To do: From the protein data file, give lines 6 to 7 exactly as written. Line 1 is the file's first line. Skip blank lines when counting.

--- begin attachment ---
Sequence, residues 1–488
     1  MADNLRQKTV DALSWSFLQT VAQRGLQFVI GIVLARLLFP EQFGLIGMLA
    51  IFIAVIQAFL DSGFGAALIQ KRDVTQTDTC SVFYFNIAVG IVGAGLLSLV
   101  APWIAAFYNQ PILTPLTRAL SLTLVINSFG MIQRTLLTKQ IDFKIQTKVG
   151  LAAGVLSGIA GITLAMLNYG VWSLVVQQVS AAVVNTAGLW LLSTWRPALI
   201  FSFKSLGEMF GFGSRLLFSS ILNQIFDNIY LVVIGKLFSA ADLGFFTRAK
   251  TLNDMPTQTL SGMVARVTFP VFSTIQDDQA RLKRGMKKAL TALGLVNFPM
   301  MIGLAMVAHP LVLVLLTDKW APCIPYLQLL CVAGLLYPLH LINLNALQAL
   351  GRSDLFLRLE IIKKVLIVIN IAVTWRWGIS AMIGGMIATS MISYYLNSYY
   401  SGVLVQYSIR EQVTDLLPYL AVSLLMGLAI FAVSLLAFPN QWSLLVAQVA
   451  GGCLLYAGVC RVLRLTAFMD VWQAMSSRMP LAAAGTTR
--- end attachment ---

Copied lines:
   201  FSFKSLGEMF GFGSRLLFSS ILNQIFDNIY LVVIGKLFSA ADLGFFTRAK
   251  TLNDMPTQTL SGMVARVTFP VFSTIQDDQA RLKRGMKKAL TALGLVNFPM